Egbert was the scion of the influential Eastphalian family of the Brunonen. He inherited the familial lands in Brunswick and from about 1051 he shared the chief authority in the region with the Bishop of Hildesheim. Egbert also extended his authority and estates into Frisia under the suzerainty of the Archbishop of Hamburg-Bremen.

Although closely related to the Salian dynasty, Egbert participated in the coup d'état of Kaiserswerth in 1062, whereat a group of nobles acting under Anno II, Archbishop of Cologne, tried to seize authority in the kingdom from King Henry IV and his regent mother, the Empress Agnes.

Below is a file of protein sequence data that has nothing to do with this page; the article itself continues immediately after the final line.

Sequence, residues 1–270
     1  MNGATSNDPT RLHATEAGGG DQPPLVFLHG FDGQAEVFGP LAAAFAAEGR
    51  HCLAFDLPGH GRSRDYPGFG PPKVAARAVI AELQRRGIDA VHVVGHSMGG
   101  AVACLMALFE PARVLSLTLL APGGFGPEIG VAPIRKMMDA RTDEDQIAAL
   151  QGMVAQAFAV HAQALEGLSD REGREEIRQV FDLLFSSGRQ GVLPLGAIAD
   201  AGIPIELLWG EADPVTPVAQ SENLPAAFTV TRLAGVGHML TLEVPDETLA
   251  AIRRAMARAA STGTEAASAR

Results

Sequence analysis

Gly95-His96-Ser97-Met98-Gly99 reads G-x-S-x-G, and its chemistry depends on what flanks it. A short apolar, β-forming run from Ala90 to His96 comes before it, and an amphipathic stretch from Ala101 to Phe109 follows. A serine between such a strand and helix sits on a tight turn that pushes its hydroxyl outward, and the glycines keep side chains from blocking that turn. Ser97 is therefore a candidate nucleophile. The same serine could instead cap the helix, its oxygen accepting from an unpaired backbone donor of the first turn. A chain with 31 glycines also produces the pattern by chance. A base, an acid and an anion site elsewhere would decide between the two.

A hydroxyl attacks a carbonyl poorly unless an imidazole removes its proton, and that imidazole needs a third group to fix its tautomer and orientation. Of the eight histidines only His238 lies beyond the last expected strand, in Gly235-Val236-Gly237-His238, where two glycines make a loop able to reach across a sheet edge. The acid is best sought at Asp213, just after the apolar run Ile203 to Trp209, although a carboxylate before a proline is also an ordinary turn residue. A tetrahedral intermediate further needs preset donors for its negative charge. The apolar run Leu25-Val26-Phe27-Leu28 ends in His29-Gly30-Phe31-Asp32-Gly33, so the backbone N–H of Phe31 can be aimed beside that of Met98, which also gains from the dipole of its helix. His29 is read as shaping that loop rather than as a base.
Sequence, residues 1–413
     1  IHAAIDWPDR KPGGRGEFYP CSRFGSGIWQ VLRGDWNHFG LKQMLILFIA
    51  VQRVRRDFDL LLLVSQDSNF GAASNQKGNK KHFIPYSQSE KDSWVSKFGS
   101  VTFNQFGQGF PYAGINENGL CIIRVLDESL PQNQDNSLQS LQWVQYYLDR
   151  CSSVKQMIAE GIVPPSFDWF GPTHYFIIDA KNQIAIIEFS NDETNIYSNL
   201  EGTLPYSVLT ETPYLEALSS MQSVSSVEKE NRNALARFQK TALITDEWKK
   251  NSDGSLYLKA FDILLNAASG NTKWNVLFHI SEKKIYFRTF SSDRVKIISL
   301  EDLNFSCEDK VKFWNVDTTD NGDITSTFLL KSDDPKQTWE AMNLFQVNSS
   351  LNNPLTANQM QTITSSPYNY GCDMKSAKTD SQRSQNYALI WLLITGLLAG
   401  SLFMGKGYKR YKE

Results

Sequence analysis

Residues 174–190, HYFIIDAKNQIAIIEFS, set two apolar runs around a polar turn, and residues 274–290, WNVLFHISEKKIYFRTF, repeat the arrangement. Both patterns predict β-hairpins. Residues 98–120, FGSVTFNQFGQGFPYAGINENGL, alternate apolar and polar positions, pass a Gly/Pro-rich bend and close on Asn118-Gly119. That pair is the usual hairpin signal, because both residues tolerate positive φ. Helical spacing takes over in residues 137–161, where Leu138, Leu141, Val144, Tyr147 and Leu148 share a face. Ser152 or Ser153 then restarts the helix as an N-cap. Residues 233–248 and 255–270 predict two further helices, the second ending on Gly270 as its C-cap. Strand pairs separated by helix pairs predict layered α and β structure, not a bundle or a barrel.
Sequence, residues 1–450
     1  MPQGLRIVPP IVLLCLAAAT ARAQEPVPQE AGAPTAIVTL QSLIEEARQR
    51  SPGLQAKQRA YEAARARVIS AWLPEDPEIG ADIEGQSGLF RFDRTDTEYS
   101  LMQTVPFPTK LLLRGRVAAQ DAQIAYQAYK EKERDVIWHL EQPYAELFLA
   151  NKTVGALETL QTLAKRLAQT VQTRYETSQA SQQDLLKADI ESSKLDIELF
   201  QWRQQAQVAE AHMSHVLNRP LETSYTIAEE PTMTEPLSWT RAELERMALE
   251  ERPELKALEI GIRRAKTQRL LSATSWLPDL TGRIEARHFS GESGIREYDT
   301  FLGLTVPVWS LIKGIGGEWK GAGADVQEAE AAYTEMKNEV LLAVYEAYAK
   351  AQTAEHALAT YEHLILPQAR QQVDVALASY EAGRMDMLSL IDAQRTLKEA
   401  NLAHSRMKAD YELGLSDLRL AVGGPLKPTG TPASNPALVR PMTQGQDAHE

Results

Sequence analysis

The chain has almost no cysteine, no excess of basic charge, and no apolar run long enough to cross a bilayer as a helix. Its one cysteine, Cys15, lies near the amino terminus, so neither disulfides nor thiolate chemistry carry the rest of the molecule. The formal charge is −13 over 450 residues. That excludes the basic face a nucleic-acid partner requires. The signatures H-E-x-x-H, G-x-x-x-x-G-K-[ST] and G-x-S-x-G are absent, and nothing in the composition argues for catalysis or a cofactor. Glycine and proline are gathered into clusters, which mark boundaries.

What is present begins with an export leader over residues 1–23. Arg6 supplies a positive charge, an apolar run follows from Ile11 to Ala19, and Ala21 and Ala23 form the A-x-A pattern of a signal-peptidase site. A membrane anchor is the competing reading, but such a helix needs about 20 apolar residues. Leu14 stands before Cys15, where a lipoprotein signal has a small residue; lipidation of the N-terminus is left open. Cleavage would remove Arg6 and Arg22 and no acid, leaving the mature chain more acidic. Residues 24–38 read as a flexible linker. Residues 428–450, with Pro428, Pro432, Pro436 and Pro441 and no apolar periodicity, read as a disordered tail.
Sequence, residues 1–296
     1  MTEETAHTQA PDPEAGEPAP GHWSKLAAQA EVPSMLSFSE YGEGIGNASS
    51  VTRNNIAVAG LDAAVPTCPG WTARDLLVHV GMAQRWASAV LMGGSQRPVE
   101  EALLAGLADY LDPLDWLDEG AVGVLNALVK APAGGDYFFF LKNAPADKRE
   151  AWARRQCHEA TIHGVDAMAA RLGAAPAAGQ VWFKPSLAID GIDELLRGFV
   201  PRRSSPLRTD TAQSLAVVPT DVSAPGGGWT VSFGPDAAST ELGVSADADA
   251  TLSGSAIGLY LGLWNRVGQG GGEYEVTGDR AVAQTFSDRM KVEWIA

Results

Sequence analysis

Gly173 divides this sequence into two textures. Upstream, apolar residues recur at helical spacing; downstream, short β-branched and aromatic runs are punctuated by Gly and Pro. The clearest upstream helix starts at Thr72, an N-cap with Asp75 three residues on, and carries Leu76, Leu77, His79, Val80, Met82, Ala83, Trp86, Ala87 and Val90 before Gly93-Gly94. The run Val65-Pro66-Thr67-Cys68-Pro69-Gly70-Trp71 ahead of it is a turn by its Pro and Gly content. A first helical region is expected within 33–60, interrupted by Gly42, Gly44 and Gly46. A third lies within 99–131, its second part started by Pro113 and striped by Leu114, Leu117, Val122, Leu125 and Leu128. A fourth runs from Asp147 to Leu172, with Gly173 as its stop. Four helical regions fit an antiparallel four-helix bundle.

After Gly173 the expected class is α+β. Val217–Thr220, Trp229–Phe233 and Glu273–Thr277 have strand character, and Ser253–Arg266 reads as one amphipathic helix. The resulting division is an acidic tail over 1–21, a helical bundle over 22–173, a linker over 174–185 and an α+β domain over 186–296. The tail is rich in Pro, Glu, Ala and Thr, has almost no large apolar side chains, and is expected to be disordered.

In 1058, Egbert married Immilla, the daughter of Ulric Manfred II of Turin, and widow of Otto of Schweinfurt. His only son, Egbert II, succeeded him in Meissen. His daughter Gertrude later brought Meissen to her husband, Henry von Eilenburg.

Gerard of Toul

Saint Gerard (French: Geraud; c. 935 – 23 April 994) was a German prelate who served as the Bishop of Toul from 963 until his death. His entrance into the priesthood came about due to his mother being struck dead in a lightning strike which he believed was divine judgment for his sins and a call to service. But he had been known for his piousness and he accepted the position to the Toul diocese despite his reluctance. His concern as a bishop was to the restoration of all properties the Church managed and to ensure secular involvement in Church affairs ceased.His reputation for holiness was evident in his life and miracles at his tomb were recorded after his death; Pope Leo IX - a successor in Toul - later canonized him on 21 October 1050 in Rome.